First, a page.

North Korean U.N. envoy urges end to economic sanctions
UNITED NATIONS (Reuters) - North Korea's envoy to the United Nations on Friday called on the United States to lift its economic sanctions against Pyongyang and urged U.N. members not to follow Security Council sanctions imposed over the North's nuclear and missile tests.
"I urge the United States to stop economic sanctions against us," North Korean U.N. Ambassador Sin Son-ho told reporters at a rare news conference at U.N. headquarters in New York.
He added that he appealed to U.N. member states not to "blindly" follow U.N. sanctions against Pyongyang, which he said were tantamount to U.S. blackmail.
The U.N. Security Council has imposed a variety of sanctions on North Korea for its three nuclear tests and numerous missile launches, including an embargo on the import and export of nuclear and missile technology and a ban on all arms exports. Washington has also imposed its own unilateral sanctions on Pyongyang.
U.S. State Department spokesman Patrick Ventrell was asked about the North Korean statement in Washington. He told reporters: "Our sanctions will continue."
Sin, who spoke in English, blamed the tensions on the Korean peninsula on the United States. He said Washington was responsible for a situation in which there is "neither peace nor war on the Korean peninsula."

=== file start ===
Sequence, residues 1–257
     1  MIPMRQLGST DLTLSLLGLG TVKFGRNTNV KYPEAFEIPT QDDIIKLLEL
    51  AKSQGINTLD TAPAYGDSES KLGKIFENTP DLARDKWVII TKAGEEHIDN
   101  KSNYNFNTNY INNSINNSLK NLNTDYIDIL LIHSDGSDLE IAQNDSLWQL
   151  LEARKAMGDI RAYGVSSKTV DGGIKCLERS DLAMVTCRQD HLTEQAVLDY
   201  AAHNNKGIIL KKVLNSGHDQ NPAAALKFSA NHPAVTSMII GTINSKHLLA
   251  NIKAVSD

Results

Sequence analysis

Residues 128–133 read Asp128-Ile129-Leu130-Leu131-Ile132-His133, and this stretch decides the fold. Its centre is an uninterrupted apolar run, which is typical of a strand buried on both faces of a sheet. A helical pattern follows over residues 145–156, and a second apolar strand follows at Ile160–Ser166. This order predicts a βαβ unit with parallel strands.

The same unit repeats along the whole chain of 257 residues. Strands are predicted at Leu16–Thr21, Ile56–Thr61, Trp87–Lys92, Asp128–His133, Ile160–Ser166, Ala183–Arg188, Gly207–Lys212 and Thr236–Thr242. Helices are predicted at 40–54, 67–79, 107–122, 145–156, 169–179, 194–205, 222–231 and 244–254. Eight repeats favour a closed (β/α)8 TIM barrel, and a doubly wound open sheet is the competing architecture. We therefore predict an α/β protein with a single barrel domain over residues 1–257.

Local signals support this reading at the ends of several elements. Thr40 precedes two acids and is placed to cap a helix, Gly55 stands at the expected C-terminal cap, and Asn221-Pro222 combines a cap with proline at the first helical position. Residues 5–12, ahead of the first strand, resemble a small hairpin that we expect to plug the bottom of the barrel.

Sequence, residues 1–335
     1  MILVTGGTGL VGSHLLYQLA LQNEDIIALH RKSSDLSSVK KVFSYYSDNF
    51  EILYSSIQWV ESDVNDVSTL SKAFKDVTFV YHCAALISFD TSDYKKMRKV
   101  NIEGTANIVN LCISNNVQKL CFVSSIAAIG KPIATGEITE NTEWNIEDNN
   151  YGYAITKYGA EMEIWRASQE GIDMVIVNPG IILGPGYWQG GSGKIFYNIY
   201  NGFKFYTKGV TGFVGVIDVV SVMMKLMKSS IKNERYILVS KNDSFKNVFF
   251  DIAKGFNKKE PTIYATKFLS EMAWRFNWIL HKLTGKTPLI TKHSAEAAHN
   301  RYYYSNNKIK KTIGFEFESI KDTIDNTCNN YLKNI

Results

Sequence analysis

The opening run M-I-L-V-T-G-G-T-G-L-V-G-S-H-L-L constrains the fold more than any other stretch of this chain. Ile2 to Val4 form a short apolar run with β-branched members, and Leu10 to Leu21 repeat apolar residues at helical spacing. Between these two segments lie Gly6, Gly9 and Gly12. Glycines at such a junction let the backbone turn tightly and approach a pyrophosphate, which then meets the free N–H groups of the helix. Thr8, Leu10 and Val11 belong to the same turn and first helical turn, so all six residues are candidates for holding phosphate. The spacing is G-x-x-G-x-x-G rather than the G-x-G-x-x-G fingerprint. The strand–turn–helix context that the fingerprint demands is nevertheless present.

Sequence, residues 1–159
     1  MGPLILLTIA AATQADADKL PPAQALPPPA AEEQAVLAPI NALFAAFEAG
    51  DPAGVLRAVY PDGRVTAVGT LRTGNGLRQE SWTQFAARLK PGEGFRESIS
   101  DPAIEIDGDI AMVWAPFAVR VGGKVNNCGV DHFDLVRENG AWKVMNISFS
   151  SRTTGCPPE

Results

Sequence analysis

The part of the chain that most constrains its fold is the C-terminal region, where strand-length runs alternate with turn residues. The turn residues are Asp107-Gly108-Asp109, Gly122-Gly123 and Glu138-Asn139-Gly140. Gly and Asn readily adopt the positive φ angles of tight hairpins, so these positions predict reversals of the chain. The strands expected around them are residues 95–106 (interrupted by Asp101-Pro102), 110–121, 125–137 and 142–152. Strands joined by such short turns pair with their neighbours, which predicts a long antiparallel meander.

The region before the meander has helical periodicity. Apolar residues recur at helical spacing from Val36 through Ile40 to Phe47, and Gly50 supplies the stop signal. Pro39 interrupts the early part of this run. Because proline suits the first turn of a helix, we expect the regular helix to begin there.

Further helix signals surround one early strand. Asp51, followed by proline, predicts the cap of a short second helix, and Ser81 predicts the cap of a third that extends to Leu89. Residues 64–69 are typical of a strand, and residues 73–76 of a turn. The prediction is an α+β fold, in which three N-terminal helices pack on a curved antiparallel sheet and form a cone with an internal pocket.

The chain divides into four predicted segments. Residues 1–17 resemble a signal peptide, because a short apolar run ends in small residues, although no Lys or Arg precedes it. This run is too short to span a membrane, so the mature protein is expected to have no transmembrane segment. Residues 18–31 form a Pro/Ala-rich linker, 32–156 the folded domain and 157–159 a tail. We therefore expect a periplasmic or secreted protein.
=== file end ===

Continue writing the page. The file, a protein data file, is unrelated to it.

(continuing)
"The most pressing issue is the aggression between the U.S. and the DPRK (North Korea), which could result in another war at any moment," he said.
He reiterated Pyongyang's call for senior-level talks with the United States aimed at replacing the 1953 armistice that ended the Korean War with a peace treaty.
"The Korean armistice agreement has been nullified by the United States," he said.
He also called for the dissolution of the U.S.-led U.N. Command in South Korea, saying the forces are "war-oriented and not peace-oriented" and describing them as the "root of evil."
Sin was asked about recent North Korean statements in favor of denuclearization of the Korean peninsula.
"Denuclearization is our final destination," he said, while cautioning that North Korea would not unilaterally dismantle its nuclear arsenal.
Sin said he would submit a proposal for dissolving the U.N. Command, which he said had nothing to do with the United Nations, to the U.N. General Assembly. The 193-nation assembly does not have the power to issue binding decisions, which is something only the Security Council can do.
The last time Ambassador Sin held a news conference was in June 2010 when he defended his nation against Seoul's allegations that the North Korean military torpedoed a South Korean naval ship in March 2010, killing 46 sailors.
The U.N. press briefing room was packed with reporters, cameramen and photographers, who came to hear Sin's nearly hour-long briefing, more than half of which involved him reading out a statement about why the U.N. Command should be dissolved and the need for a peace treaty to replace the armistice.
Sin appeared jovial as he entered the briefing room, though the two North Korean officials on either side of him maintained serious looks the entire time. He began the news conference by asking: "Ladies and gentlemen, how are you today?"
U.N. diplomats said Friday's briefing was a departure from the lower public profile the North Korean U.N. mission has adopted in recent years.